Paionia Retsuden, or The Biographies of Pioneers (1975) by Kenichi Murai, outlines the personal histories of 127 Japanese immigrants to Mexico aged 70 and over, based on interviews Murai conducted between 1970 and 1975. Prior studies argue that the majority of Japanese immigrants at that time were unskilled farmers and day laborers, and that they tended to migrate to remote, rural towns. This presentation discusses the validity of those claims by analyzing the experiences of the 127 Japanese immigrants. Some of the relevant points of discussion are their places of birth, year of immigration and age, occupation, involvement in the Mexican Revolution, experiences of illegal entry into the United States via Mexico, and experiences of transfer to Mexico City or Guadalajara in 1942. Although the claims of prior studies are valid, some points are missing. For example, scholars tend to think that the flow of immigrants are bi-national between Japan and Mexico. However, many from among the 127 Japanese who migrated to Peru first, spent several months or years there, then illegally entered Mexico with the intention of entering the United States. Therefore, we must observe Japanese migration to Mexico in the initial stages from the multinational viewpoint.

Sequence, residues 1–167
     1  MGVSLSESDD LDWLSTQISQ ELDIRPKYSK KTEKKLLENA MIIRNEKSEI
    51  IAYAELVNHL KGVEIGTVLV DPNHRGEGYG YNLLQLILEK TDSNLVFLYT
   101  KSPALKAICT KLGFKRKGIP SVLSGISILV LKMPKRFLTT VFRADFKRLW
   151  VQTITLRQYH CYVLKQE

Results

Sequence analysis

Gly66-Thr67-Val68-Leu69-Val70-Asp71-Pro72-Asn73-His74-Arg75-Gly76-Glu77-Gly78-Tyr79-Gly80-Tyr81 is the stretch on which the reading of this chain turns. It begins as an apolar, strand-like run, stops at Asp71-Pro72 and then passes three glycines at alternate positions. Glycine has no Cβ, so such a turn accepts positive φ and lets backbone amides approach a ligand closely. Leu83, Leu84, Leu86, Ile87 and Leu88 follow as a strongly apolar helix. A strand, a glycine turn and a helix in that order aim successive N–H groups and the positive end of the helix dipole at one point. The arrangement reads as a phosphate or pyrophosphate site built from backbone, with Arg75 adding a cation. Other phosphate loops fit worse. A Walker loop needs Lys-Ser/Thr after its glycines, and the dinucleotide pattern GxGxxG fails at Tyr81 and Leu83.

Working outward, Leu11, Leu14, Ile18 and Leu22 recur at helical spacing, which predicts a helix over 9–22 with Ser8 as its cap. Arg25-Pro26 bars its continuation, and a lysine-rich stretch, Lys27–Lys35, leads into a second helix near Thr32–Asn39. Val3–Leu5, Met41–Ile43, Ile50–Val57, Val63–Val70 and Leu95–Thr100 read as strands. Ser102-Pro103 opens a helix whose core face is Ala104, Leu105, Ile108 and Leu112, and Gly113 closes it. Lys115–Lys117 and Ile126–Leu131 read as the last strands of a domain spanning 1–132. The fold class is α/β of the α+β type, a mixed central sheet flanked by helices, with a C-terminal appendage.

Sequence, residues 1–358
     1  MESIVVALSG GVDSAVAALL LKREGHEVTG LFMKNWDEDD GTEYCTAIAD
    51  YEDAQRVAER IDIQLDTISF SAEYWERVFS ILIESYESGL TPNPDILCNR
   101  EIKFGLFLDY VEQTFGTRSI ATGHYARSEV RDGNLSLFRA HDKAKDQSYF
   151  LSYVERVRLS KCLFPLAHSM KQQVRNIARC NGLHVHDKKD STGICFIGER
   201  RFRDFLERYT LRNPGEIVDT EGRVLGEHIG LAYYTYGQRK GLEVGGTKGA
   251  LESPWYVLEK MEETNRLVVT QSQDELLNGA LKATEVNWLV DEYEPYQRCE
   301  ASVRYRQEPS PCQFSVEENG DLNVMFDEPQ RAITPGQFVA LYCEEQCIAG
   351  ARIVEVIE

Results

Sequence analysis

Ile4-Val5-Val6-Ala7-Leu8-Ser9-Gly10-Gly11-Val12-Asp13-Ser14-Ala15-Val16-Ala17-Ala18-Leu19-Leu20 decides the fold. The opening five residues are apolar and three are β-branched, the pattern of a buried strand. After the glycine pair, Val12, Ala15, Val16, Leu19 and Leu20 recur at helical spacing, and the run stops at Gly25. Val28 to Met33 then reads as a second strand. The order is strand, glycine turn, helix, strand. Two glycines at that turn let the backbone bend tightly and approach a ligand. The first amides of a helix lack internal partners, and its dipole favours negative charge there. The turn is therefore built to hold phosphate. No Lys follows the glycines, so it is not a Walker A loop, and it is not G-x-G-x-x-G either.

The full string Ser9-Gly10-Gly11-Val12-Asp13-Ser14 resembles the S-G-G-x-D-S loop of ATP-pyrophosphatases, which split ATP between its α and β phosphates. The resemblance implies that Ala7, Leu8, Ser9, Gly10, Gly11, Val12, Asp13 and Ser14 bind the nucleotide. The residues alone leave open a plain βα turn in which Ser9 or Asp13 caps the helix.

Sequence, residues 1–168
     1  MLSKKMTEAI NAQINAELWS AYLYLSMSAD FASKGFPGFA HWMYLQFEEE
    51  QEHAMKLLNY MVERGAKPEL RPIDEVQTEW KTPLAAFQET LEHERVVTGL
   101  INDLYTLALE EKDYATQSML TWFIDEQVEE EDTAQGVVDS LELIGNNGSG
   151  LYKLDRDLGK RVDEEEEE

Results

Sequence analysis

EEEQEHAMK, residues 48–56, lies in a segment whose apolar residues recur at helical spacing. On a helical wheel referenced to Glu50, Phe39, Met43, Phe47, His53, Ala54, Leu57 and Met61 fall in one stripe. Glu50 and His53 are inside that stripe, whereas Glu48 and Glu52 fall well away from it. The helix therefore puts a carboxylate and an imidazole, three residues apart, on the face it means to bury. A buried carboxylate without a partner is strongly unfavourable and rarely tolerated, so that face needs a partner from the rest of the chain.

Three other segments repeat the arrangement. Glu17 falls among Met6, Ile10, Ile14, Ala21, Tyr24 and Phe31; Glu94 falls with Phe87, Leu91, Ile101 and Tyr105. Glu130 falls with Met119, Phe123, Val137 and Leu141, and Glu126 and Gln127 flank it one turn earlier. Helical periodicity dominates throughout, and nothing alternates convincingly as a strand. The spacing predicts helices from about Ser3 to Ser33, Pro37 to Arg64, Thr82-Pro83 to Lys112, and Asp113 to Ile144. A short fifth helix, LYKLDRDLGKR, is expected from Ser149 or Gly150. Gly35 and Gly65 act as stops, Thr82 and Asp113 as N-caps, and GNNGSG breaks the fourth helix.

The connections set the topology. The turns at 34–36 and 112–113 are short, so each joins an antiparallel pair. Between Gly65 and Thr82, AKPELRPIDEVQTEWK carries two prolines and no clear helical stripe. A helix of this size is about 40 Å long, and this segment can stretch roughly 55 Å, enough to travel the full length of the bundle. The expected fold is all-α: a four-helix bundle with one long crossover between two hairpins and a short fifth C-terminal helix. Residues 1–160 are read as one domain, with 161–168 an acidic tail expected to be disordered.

Mariko Nihei, Tokai University, Japan
Stream: Japanese Studies
This paper is part of the ACAS2019 Conference Proceedings (View)
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